You may also hold up your fingers and count by 7s until you reach 14.  

The work you do today will help you with reducing fractions, along with practicing the skills of adding and subtracting fractions.

Here is another image of a fraction being reduced:
In this case, the factors of 3 and 6 would be listed:
3:  1, 3
6:  1. 2. 3. 6

The greatest one in common is 3 and we divide both the numerator and denominator of 3/6 by 3.  This give us the answer of 1/2 or "on half."  Notice that the toppings are on equal sides of the pizza, but one is cut into 6 and the other into 2!

Along with the information on the blog, and the sheets you will receive, this work will be looked at closely this week.  You may work with someone in class when you are given the sheets.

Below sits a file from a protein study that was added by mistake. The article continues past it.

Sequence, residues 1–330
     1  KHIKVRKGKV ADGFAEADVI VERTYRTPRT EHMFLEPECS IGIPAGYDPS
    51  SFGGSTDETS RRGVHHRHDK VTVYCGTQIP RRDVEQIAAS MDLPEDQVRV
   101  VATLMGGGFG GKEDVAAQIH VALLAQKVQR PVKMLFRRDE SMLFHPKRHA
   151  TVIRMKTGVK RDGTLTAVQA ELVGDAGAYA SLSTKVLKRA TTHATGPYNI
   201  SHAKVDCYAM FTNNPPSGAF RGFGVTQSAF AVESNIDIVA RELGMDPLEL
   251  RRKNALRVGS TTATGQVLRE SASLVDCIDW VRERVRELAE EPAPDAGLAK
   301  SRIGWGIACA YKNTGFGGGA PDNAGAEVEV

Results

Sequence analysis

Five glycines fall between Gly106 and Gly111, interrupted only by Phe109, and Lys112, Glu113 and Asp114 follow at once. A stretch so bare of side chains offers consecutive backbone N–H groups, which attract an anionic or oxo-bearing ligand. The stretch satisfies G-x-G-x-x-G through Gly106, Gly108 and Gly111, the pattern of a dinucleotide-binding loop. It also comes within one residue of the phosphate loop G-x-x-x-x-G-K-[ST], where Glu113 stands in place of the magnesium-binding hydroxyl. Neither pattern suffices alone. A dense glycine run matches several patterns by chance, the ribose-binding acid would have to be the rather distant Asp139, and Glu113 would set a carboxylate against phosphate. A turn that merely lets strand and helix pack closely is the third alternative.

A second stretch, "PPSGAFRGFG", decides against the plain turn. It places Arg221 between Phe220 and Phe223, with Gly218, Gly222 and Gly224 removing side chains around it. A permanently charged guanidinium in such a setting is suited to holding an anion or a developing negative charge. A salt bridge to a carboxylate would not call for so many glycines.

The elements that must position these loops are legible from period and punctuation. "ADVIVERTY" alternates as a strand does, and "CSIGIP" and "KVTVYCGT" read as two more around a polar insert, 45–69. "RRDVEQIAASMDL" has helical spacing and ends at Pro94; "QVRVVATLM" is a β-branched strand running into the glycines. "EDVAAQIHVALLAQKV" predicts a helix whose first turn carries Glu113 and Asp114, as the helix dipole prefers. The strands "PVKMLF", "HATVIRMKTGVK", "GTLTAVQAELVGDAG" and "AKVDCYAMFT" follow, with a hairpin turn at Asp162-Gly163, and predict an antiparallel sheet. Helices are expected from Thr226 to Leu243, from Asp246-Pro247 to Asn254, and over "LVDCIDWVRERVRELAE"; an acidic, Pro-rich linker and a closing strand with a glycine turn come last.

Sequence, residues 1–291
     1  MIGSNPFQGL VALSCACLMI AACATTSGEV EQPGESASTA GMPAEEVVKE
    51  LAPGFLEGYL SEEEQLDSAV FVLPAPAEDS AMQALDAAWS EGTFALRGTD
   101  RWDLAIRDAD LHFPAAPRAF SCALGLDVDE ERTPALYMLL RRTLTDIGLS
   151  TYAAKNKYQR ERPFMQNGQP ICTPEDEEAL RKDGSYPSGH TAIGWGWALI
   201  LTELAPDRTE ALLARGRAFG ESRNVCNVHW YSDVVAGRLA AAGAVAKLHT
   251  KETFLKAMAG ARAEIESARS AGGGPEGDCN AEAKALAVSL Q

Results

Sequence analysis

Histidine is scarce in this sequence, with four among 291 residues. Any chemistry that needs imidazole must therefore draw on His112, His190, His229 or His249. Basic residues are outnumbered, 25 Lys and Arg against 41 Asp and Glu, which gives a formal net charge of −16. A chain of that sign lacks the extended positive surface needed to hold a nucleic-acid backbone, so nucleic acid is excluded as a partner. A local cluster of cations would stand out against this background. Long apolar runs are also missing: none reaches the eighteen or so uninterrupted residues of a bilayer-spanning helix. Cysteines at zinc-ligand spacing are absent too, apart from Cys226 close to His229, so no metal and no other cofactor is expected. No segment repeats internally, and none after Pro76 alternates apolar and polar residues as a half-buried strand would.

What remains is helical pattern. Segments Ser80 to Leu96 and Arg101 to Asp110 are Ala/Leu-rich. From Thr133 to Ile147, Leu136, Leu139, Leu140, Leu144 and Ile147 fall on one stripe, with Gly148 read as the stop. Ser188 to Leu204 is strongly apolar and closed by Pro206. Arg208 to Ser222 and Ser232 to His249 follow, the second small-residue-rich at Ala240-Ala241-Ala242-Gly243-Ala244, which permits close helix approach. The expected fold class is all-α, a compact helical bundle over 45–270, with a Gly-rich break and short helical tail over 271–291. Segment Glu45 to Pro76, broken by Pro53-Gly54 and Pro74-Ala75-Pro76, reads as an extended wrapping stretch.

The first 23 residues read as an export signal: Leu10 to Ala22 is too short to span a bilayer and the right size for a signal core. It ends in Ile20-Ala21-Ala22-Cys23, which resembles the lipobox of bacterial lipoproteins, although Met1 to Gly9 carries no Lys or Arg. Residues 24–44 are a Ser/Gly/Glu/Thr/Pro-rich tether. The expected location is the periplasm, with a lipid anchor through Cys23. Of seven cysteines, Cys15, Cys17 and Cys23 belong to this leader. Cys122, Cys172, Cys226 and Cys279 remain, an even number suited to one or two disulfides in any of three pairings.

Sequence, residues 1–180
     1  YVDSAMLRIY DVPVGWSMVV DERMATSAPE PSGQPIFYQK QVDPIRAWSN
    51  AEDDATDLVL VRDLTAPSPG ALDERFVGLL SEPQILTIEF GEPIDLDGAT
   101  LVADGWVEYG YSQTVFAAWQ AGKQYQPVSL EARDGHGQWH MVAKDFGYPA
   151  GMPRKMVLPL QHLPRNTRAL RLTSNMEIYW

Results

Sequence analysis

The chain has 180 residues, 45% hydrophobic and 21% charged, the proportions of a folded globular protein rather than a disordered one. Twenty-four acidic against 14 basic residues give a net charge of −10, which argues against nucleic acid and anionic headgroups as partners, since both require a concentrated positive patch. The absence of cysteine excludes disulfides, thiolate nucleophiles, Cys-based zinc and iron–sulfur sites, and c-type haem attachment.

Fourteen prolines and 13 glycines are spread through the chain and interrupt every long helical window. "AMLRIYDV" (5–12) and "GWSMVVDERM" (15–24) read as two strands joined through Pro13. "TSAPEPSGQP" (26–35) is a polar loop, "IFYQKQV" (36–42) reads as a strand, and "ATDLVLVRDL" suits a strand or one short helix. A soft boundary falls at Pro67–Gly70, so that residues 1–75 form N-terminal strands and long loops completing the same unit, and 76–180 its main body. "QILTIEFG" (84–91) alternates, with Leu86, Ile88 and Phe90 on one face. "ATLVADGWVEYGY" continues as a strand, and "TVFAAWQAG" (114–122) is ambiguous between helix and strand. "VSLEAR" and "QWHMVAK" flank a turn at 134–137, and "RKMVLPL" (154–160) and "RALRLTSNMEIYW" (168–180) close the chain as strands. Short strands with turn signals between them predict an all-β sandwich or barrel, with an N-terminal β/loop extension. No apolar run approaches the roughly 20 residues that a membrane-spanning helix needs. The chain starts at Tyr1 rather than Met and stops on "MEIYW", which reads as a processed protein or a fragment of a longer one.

In Language, I was hoping that everyone would bring in an example of an advertisement.  If you have, please place it in the IN box.  For your Ideal Society project, you were going to be creating an advertisement of your vision of the perfect world.    In order to do this, we were going to spend some time looking at how Medial Literacy works.

This chart, which I posted on Saturday's blog, looked like this and on the side of the cube you designed.

We are going to look at a video on #5.

I had a video for #1, but unable to load it directly to the blog.  Here is the link:

If you have not brought in your advertisement, please bring it in for Tuesday so we can look at them in more detail so you can begin your Ideal Society project.  If you did bring in an ad, I would like you to write in your Language notebook and complete the following for the ad you brought in or if someone else in the class brought one in: